Children who have lost a parent or sibling bear a burden of sorrow and anxiety, yet they strive to be resilient in the face of their grief and greatly value the support of friends, family and the community, according to the results of a first-ever nationwide poll of bereaved kids released today by the New York Life Foundation and the National Alliance for Grieving Children (NAGC).
The National Alliance for Grieving Children (NAGC) promotes awareness of the needs of children and teens grieving a death and provides education and resources for anyone who wants to support them. The New York Life Foundation has, since 1979, provided more than $155 million in charitable contributions to national and local nonprofit organizations. Through its focus on “Nurturing the Children,” the Foundation supports programs that benefit young people, particularly in the areas of educational enhancement and childhood bereavement.
Dealing with the death of a loved one is crushing, the findings show. Three-quarters (75%) of the kids surveyed say they are currently sad – even though, for the survey sample, the loss was experienced on average more than two years ago. Nearly seven of 10 kids agree the death of their loved one was the worst thing that ever happened to them. More than two in five (41 percent) said that in reaction to their loss they had acted in ways that they knew might not be good for them either physically, emotionally or mentally.
“The death of a loved one is incredibly hard and isolating for children,” said Chris Park, president of the New York Life Foundation. “It engenders sadness, anger, loneliness, confusion, guilt – emotions that all too often are suffered in isolation. Kids in grief are trying hard to cope and heal, but it’s clear that they desperately need our help to do so.
“But we are a grief-averse society, apparently hoping that if we just ignore grief, it will go away,” Park said. “As a result, families in grief – children in particular – often are left to suffer alone and in silence, without sufficient understanding and support from the people and institutions that could truly make a difference for them.”
The New York Life Foundation /NAGC poll of 531 kids age 18 and under who have lost a parent or sibling was conducted in-person at bereavement centers nationwide between November 21, 2011 and January 5, 2012. It is believed to be the first public opinion poll of grieving children.
“The poll results are clear,” Park said. “Friends, neighbors, teachers and counselors – and society at large – all have a crucial role to play helping kids regain some equilibrium.”
More children may be struggling with loss than may be commonly thought. A survey of 1,006 adults conducted in late 2009 by New York Life with Comfort Zone Camp, a leading provider of bereavement support services for children, found that one of nine Americans had lost a parent before age 20; one in seven had lost a parent or sibling before turning 20.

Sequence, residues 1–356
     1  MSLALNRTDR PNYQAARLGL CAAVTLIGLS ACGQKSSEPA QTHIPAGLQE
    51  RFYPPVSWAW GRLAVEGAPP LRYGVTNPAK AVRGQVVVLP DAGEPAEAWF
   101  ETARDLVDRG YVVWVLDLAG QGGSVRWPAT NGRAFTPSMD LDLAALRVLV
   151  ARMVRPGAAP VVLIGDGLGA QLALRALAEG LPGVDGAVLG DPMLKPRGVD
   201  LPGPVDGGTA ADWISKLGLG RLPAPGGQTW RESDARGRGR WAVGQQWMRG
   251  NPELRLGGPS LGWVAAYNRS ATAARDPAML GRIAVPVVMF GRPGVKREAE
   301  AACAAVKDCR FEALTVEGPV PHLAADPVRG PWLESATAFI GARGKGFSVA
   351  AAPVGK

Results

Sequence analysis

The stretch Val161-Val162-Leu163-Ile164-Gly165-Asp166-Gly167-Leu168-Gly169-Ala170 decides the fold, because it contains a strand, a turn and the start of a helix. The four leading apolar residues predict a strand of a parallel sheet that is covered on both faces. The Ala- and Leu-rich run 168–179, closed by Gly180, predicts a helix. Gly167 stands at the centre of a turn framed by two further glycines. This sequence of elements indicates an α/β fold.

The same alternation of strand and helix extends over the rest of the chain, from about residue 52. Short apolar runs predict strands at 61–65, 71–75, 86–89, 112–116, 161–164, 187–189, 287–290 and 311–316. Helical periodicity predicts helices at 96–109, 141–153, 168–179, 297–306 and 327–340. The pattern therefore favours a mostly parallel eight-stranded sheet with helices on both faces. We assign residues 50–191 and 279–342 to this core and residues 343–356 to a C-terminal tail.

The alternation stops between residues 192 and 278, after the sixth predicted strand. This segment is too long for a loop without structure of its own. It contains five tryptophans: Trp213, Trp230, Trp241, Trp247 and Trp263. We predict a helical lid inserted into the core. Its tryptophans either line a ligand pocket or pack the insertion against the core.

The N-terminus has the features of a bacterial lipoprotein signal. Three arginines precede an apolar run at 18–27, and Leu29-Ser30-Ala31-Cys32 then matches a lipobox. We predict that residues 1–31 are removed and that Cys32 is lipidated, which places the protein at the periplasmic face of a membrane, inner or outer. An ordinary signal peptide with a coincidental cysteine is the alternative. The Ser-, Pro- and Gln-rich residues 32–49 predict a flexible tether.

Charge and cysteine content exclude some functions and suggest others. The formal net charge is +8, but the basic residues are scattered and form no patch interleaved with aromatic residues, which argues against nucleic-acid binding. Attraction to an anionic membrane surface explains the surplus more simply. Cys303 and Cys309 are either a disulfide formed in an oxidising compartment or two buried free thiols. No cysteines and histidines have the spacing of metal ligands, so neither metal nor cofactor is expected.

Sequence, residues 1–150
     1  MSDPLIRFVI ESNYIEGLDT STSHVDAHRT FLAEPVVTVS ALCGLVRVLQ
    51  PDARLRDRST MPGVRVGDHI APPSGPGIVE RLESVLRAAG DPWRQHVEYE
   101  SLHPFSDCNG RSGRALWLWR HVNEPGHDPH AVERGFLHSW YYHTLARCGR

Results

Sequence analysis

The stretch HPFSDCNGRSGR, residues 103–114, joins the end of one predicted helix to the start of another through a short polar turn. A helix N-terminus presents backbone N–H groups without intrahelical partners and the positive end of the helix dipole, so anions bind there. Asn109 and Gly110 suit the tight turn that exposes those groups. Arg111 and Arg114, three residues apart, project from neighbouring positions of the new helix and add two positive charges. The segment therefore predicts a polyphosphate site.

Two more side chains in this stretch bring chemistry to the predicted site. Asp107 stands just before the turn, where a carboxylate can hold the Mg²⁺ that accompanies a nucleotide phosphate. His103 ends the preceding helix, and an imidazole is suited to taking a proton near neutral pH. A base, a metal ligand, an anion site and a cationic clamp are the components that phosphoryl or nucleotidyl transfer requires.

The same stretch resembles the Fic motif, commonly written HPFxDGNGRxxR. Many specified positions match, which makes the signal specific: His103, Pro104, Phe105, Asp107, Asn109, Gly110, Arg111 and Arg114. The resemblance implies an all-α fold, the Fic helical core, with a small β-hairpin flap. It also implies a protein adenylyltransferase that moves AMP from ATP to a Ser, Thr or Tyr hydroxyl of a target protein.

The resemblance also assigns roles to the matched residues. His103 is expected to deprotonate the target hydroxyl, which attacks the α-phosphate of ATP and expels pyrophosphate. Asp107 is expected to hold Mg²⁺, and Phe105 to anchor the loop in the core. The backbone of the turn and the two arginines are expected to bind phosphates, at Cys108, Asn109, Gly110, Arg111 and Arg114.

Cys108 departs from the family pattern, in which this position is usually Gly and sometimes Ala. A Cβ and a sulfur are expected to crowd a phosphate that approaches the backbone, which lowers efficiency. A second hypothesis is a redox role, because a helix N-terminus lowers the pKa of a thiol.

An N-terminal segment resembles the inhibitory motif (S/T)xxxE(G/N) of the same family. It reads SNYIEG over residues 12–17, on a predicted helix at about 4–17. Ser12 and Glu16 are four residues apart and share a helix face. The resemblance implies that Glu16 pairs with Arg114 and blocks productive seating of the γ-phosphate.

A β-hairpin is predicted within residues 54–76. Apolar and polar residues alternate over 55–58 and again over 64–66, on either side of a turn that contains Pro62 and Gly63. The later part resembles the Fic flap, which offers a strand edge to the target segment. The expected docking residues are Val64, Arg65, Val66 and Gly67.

“We need to bring childhood grief out of the shadows,” Park said. “It’s critical to help kids give voice to their struggles and hopes – and in the process, shed light on what each of us can do to help. We can’t eliminate their grief journey, but we can ease their burden along the way. ”
Lives Shaped by Sadness
Kids in grief are weighted down by stark emotion, with nearly half saying sadness is their overriding feeling in the wake of their loss and four in 10 indicating they are “sad inside most of the time.”
“The emotion that bereaved kids are experiencing might not always be overt, but for many it is always present, coloring their view of the world as well as their ability to pick up the pieces following the death of a parent or sibling,” said Andy McNiel, executive director, National Alliance for Grieving Children. “One of grief’s most insidious impacts is the degree to which, for many kids, it introduces a gnawing uncertainty and concern into a world that might have previously seemed completely secure and safe.” Nearly three-quarters of bereaved kids said their loved one’s death taught them that “life is not always fair.” Four in ten said they sometimes now worry about their surviving parent or guardian dying as well.
The Daily Challenge of School
For grieving kids, resuming normal life following loss demands successfully navigating the school day. For many, this task becomes harder.
Nearly half of kids say they are having more trouble concentrating on school work and about three in 10 say they are not doing as well in school as before. Just 27 percent say that going to school after their loss was helpful.
The poll suggests that schools are challenged to provide meaningful support to kids in grief. When asked to grade their school and teachers on “helping me deal with my loved one’s death,” most kids assigned them either a “C” (15 percent), a “D” (10 percent) or an “F” (23 percent).
Bereaved parents confirmed this view in a poll conducted by the NAGC and the New York Life Foundation in summer 2011. In that poll, about four in 10 parents said their children’s school was not well prepared to help their children deal with their loss.
“During the week, kids spend as many of their waking hours in school as they do at home. In many ways, school becomes the public frame of reference for their grief,” said David Schonfeld, MD, director of the National Center for School Crisis and Bereavement at Cincinnati Children’s Hospital. “Kids are pretty good at picking up on social cues. If their teachers and other adults at school seem uncomfortable or uninterested in their loss, they learn quickly they will have to deal with their grief alone.